Jerome Powell is not an economist, and as such, has the potential to try to remake the way the Fed does monetary policy. Rather than hold onto outmoded ideas ideas like the Phillips Curve, which may have made sense when the US was a more insular economy, there are better ways to think of monetary policy from a structural standpoint of how financial firms work.
(Note: the Phillips Curve relies on a very simple assumption that goods and services price inflation stems from wage inflation, and that wage inflation occurs when domestic unemployment is low. In a global economy, those relationships are broken when labor can be easily added from sources outside of the US.)
Financial firms tend to grow rapidly when the yield curve is steeply sloped. Borrowing short and lending long is profitable, at least in the short-run. This provides a lot of credit to the economy, which in the short-run, encourages growth, as businesses borrow to build supply, and consumers borrow, which temporarily boosts demand.
Financial firms tend to shrink when the yield curve is flattish and certainly when negatively sloped. Borrowing short and lending long is unprofitable, at least in the short-run. This reduces credit to the economy, which in the short-run discourages growth, as businesses don’t borrow to build supply, and consumers borrow less, which temporarily reduces demand.
If there are misfinanced (too much short-term borrowing) or over-indebted areas of the economy, there can be considerable economic failure with a flat or inverted yield curve. As I have said before, when the FOMC tightens without thinking about the financial economy, they keep tightening until something blows up, and then they loosen too much, starting the next cycle of over-borrowing. I said this at RealMoney in 2006:
One more note: I believe gradualism is almost required in Fed tightening cycles in the present environment — a lot more lending, financing, and derivatives trading gears off of short rates like three-month LIBOR, which correlates tightly with fed funds. To move the rate rapidly invites dislocating the markets, which the FOMC has shown itself capable of in the past. For example:
- 2000 — Nasdaq
- 1997-98 — Asia/Russia/LTCM, though that was a small move for the Fed
- 1994 — Mortgages/Mexico
- 1989 — Banks/Commercial Real Estate
- 1987 — Stock Market
- 1984 — Continental Illinois
- Early ’80s — LDC debt crisis
So it moves in baby steps, wondering if the next straw will break some camel’s back where lending has been going on terms that were too favorable. The odds of this 1/4% move creating such a nonlinear change is small, but not zero.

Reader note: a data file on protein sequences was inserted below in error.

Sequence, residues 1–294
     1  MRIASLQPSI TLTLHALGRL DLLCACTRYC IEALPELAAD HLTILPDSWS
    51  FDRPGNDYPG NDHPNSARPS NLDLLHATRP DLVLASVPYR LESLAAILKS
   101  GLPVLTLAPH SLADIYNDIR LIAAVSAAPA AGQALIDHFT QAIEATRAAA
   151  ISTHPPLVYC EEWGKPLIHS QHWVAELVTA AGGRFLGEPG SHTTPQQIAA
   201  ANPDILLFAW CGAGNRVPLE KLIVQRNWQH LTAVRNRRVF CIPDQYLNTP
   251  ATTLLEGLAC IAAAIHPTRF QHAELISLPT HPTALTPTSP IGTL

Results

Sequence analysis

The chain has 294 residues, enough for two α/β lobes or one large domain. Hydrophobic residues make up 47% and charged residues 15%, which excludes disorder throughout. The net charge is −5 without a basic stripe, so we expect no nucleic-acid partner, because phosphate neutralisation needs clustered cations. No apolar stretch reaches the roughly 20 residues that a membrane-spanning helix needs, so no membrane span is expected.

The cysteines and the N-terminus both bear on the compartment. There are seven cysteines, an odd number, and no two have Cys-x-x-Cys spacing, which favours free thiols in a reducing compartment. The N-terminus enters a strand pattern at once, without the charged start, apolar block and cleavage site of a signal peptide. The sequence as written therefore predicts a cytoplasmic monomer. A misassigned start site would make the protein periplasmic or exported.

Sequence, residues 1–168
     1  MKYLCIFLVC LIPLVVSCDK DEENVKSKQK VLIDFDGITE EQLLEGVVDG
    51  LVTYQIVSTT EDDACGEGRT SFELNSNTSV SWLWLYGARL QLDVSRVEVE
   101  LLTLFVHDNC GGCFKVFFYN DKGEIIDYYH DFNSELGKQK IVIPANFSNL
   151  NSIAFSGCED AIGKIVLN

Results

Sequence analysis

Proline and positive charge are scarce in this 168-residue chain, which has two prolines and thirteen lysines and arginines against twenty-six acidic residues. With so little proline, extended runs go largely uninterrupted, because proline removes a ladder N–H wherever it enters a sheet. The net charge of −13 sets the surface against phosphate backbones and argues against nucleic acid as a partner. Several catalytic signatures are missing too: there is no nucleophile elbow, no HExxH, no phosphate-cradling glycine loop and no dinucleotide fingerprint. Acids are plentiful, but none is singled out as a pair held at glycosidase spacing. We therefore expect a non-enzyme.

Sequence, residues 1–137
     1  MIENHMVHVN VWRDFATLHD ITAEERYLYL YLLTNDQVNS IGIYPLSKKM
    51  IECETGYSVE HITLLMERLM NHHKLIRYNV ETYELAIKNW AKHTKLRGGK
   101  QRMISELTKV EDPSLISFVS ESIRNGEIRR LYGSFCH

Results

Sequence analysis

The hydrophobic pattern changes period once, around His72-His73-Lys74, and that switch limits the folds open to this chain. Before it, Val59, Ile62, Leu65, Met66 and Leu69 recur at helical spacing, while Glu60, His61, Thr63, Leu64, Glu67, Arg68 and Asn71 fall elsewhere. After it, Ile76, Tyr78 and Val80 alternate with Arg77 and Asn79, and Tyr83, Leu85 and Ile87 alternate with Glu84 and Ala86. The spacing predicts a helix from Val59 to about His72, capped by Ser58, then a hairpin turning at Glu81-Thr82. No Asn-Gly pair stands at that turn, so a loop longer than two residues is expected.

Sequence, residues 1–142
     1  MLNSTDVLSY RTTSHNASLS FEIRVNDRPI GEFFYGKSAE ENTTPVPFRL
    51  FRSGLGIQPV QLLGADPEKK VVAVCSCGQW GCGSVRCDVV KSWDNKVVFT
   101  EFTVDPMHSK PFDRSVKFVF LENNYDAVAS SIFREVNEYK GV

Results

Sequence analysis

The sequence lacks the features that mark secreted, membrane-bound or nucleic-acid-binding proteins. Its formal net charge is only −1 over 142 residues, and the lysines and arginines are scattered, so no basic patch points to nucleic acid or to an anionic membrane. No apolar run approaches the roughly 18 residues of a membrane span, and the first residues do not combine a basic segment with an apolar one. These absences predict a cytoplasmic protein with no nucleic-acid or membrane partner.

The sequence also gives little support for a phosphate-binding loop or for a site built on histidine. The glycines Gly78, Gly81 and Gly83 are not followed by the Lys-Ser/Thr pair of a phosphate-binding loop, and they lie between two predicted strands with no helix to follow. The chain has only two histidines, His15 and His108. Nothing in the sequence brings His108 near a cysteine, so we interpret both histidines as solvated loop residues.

But on the bright side, the odds of a 50 basis point tightening at any point in the next year are even smaller. The markets can’t afford it.
As such, it behooves the Fed to avoid overly flattening the yield curve. In late 2005, I wrote at RealMoney.com that the Fed should stop at 4%, and let the excess of the economy work themselves out. By mid -2006, they raised the Fed Funds rate to 5.25%, flattening to invert the yield curve, which collapsed the leverage in the economy in a disorderly way.
It would have been better to stop at 4%, and watch for a while. Housing prices had peaked, and I wrote about that at RealMoney.com as well. The Fed could have been more gradual at that point. There really wasn’t that much inflation, and the economy was not that strong. Bernanke may have felt that he needed to prove that he wasn’t a dove on inflation. Who knows? The error was unforced, and stemmed from prior bad practices.
In this case, the Fed does have an alternative to crashing the economy again. I would encourage the FOMC to not raise rates over 2.5%. When they get to 2.5%, they should start selling the longest bonds in their portfolio (note: I would encourage them to end balance sheet disclosure before they do this, after all, the Fed suffers from too much communication not too little. The Fed was better managed under Volcker and Martin.)
This would test the resilience of the economic expansion, and if the economy keeps growing as long bonds rise in yield, then match the rises in long yields with rises in the Fed Funds rate. This is a neo-Wicksellian method of managing monetary policy that could match the ideas of Jerome Powell, who was more skeptical than most Fed Governors about about Quantitative Easing [QE].
The eventual goal is to manage monetary policy aiming for a yield curve that has a low positive slope, allowing the banks to make a little money, but not a lot. The economy would expand moderately, and not be as prone to booms and busts.
My summary advice for the FOMC would be this: before you flatten/invert the yield curve, start selling all of the long MBS and Treasury bonds with average maturities longer than 10 years. That will slow down the economy more effectively than flattening the yield curve, and it is not as likely to lead to a crisis.
I have no illusions — the odds of the FOMC doing this is remote. But given past failures, isn’t a new idea worthy of consideration?
PS — there is another factor here. What happens to the financing costs of the profligate US government?